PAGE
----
When you think about it, so many of us need support like this. I am just as guilty as anyone when it comes to people and if someone doesn’t quite fit the norm it can be easy somehow to not see who they really are or worse suppress them because of it.
There was also a recent article in the New York Times about ADHD and how this was a wonderful trait to have thousands of years ago when people were nomadic hunters, but became more of an issue when societies began to settle. Thinking about the diagnosis today, I wonder what is more normal; a child who likes to run around and play, stimulated by an exponential number of things in the environment, or the one who sits at attention in school not moving for hours at a time. The article also addresses some research topics relating people with ADHD to a lower number of two types of dopamine receptors. Dopamine is the hormone and neurotransmitter released by the brain in the reward pathway. Further, the suggestion is that people with ADHD are overall less sensitive with regard to this reward pathway, so this may explain to some degree why repetitive and or routine tasks are boring.
What I find interesting is that sugar also triggers the reward pathway in the brain to release dopamine. This is the same pathway in the brain that is affected by narcotics. The people in my life deemed as having ADHD or ADD love their processed sugar! I have also seen people with a history of ADD/ADHD sustain an even mood long term by returning to eating basic foods, i.e. fruits and vegetables and whole grains and eliminating processed chemicals and dyes. Does this mean that by “eating clean” that a person changes their make up at a molecular level? Of course not. It just means that they become the healthiest version of themselves, and by being in tune with their bodies they are able to maintain this level of health by making small adjustments rather than experience dramatic flares.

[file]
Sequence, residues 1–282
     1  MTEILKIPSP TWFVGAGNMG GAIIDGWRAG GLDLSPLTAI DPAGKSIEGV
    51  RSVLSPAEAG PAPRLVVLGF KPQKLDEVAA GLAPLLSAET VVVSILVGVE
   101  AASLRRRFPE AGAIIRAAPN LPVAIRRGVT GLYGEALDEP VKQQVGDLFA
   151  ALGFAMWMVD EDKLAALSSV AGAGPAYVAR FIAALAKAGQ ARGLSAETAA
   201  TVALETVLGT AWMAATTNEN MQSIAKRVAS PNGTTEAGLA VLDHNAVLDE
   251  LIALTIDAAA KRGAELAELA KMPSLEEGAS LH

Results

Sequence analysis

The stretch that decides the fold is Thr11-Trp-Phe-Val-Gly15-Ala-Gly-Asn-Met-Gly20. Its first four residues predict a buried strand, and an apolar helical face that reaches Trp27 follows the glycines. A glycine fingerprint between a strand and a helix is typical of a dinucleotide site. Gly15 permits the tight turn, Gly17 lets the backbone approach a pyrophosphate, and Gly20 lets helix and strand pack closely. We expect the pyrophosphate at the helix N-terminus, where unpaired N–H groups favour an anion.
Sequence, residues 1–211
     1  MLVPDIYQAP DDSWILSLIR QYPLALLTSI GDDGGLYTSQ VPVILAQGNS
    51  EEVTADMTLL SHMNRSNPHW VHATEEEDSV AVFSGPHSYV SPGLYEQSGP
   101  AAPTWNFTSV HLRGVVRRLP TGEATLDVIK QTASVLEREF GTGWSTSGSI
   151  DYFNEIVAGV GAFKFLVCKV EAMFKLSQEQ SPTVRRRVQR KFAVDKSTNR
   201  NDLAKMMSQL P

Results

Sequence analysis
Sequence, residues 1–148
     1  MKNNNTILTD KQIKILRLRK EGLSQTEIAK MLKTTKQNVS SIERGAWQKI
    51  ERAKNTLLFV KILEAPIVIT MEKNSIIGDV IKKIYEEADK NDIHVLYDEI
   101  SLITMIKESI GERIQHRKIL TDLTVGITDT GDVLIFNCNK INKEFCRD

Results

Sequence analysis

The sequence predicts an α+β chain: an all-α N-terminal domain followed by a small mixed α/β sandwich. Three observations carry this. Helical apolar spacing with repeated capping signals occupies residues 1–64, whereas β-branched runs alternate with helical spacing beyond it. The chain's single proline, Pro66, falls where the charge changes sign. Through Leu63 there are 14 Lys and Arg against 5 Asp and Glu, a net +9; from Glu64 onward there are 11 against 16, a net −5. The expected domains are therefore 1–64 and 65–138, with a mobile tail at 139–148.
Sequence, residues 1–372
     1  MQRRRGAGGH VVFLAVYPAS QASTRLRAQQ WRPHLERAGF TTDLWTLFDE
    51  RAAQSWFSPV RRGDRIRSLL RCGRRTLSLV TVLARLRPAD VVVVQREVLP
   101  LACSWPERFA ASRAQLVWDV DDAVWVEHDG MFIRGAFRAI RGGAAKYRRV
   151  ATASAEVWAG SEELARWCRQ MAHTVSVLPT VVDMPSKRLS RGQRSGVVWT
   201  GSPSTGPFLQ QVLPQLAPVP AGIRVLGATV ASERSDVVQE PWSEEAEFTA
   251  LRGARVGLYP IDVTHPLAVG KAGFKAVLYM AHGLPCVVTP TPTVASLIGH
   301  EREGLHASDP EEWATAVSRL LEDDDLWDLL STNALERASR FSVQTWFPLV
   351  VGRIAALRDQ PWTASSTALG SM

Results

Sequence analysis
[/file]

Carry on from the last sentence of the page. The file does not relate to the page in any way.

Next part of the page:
As a society we can support each other in eating healthy and exercising, but I ask you now to bring unconditional love and universal acceptance. Go find your health muse, or perhaps allow yourself to be a muse to someone else. Maybe even I can be your muse. Inspire each other to be the healthiest version of who you are and if someone doesn’t confine to the societal norm, than instead of focusing on where they may seem weak encourage them in the areas and environments where they excel. Allow the freak flag to fly if you will. Can you even imagine what that may bring to your relationships and how good that will feel for all involved? Imagine the beauty of this unfolding before you.
I’d love to hear your comments and suggestions.
In Love and Health,
Friedman, R.A. A Natural Fix for ADHD. New York Times Sunday Review, Opinion, 11/2/2014. http://www.nytimes.com/2014/11/02/opinion/sunday/a-natural-fix-for-adhd